Botanists pretty much agree that the purple Mangosteen originated on either the Sunda or Moluccas Islands, and the fruit was first domesticated in Thailand and Burma. Now it is cultivated all across Southeast Asia, and has emigrated with varying degrees of success to Africa, South America, and the West Indies.
The sweet and sour white flesh of the Mangosteen is mostly soft and juicy, yet certain portions remain decidedly crunchy and firm. The fruit’s texture, combined with the perfect blend of sugars and acids are what makes the Mangosteen such a delight to eat. In fact, the fruit is so delicious, rumor has it Queen Victoria allegedly offered a reward of 100 pounds Sterling to anyone who could deliver fresh Mangosteens to her court. Perhaps that is why the Mangosteen has been nicknamed ‘The Queen of Fruits’.
The purple, thick-skinned Mangosteen is divided into four to eight sections called ‘arils’, sort of like the sections of an orange. Each aril segment houses a single seed, and the bigger the section, the bigger the seed. Large seeds should be spat out, but the smaller ones can be eaten whole. The fruit is topped with a prominent greenish cap or ‘calyx’, and the bottom is finished with a brown raised ridge, shaped like a rosette. The number of petals on this ridge correspond with the number of arils inside the fruit.
A ripe Mangosteen will be firm to the touch, and have a nice green cap. It will also have a glossy purple skin with no cracks. The Mangosteens with the most arils are thought to be best. That’s because the segments are smaller, and the small sections generally don’t contain a seed. The Mangosteen can be stored at room temperature for up to a week, because the thick rind (4 to 6 mm) prevents the flesh inside from drying out. To further the Mangosteen’s ‘shelf life’ place them inside the refrigerator, in a partially closed, but not sealed, plastic bag.
When freshly harvested, the fruit can be opened by squeezing until the rind splits. After harvesting however, the skin begins to lose its moisture and hardens. To open a Mangosteen with a tougher skin, cut through the rind midway between the top and bottom. Then gently twist until the top lifts off. You can then carefully scoop out the sections. Be aware that the segments are very slippery, and the purple juice from the rind of a freshly picked Mangosteen will stain both your skin and clothing.
Most folk eat the Mangosteen raw as a snack or dessert, and it can be made into an excellent juice, sorbet or ice cream. The seeds are sometimes eaten when roasted or boiled, and the rind can be made into a purple jelly. The Mangosteen is also found canned in the supermarket. Mangosteens are high in antitoxins, and contain small portions of vitamins C and E. They also contains six of the nine B complex vitamins.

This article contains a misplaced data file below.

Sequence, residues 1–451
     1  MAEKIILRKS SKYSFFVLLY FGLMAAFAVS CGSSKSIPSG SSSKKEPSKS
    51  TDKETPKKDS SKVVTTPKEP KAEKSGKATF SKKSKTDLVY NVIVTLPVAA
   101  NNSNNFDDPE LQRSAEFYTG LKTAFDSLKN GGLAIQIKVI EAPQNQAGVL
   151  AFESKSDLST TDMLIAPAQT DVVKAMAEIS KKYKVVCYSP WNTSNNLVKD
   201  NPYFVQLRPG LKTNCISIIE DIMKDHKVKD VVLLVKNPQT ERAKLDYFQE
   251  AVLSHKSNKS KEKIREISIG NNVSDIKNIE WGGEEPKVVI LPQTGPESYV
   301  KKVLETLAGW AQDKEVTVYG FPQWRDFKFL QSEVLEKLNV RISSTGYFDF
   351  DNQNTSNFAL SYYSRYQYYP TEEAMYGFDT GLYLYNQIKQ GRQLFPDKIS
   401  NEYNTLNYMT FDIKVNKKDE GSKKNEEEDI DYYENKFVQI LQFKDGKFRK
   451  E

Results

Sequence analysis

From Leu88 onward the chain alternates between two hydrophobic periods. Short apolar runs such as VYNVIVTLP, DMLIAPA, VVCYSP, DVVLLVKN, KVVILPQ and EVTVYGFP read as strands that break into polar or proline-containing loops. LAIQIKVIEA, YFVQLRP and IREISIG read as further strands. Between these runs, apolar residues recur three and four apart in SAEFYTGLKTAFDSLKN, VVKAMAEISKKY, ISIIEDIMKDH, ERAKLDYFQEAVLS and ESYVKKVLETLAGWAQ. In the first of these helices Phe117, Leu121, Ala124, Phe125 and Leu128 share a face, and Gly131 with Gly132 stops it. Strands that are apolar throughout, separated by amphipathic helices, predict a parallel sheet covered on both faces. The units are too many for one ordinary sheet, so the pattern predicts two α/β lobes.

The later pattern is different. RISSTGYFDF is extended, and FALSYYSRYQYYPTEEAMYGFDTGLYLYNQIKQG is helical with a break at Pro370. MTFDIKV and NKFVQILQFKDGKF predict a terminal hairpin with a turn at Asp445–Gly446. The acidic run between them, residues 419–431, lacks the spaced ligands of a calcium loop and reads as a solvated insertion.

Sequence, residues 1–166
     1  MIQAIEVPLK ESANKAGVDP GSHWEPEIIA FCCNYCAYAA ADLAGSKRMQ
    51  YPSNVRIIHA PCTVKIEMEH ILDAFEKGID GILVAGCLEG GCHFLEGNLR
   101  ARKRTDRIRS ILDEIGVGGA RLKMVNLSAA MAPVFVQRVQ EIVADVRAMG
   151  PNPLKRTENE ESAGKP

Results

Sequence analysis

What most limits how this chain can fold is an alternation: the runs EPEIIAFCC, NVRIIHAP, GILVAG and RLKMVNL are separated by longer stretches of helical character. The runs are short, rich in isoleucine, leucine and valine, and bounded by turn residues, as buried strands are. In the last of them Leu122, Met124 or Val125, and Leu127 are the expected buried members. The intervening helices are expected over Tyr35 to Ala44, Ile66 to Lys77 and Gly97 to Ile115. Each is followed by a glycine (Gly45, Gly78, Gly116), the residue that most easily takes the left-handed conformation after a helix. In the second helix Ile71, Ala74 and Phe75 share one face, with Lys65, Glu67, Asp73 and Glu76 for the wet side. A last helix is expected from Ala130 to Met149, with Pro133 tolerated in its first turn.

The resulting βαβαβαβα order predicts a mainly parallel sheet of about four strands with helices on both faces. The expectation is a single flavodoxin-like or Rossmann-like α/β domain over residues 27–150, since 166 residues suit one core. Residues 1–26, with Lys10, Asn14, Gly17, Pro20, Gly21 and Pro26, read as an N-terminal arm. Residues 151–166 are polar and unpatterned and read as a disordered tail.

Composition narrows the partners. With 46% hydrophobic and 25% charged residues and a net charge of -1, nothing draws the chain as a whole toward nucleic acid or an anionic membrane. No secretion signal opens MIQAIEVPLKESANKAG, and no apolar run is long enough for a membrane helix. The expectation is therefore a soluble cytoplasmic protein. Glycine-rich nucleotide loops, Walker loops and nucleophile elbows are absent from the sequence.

Red Pork & Rice or Kao Moo Dang
Have you ever been wandering around the sois of Pattaya and seen hunks of bright red meat hanging inside the glass display cases of some of the street food vendors? Well, that’s one of the two namesakes that combine to make up the Thai dish known as Kao Moo Dang. The other namesake is kao, or white steamed rice. And oh yeah, the red meat is moo dang, or red pork.
One of the things I like most about Kao Moo Dang is that it is not a stir-fry. Don’t get me wrong. I really like Thai stir-fries, but sometimes, especially when it’s really hot outside, something that is cooked, but not really cooked is just the ticket. “Wait a minute”, you say, “That doesn’t make any sense.” I know it doesn’t, but don’t forget this is Thailand.
First, let me explain. Red Pork and Rice is a dish made up of previously cooked items. No, they’re not leftovers, the ingredients have all been prepared in advance, and are assembled when it is ordered. It’s kind of like a salad without produce. Think of a European al fresco style meal, or an American style picnic lunch that’s served on a bed of rice.
Briefly, Kao Moo Dang is comprised of white steamed rice, a few chunks of Thai ‘roasted’ pork, which is similar to a Western style ‘crispy pork crackling’, some thinly sliced Thai sausage, and the star of the dish, red pork (usually a lean cut of pork loin or pork steak). A marinade made from a blend of tomatoes, minus their skins and seeds, preserved plums, honey, fish sauce, pork stock, and a drop or two of red food coloring is what gives the pork its vivid red color, and a unique zesty flavor.
The rice and three pork meats are topped with a couple spoonfuls of a Thai style barbeque sauce composed of dark, sweet soy sauce, honey, vinegar, and corn starch. The sauce reminds me a little of a sweetened mixture of Western tomato and barbeque sauces. The dish is traditionally served with fresh cucumber slices, a few green onions, and half of a hardboiled egg. With the exception of the rice, all of the components are served at room temperature or cold. This makes the dish very refreshing, and a little less heavy than the usual Thai stir-fries. For those of you who can’t handle anything spicy, Red Pork and Rice, with its sweet and tangy flavor shouldn’t be a problem.
Sometimes you have to look a little harder to find a street stall that serves Kao Moo Dang. You’ll see plenty of the red pork hanging in street side restaurants, but many of these will be noodle shops that feature red pork in their noodle dishes. Variations in both the taste and ingredients are common among the vendors that offer this delicious, non-stir-fry favorite.
The street price for Red Pork and Rice is generally between 30 and 40 baht, and I’ve yet to see it offered in any fancy sit down restaurants.
by Brian S.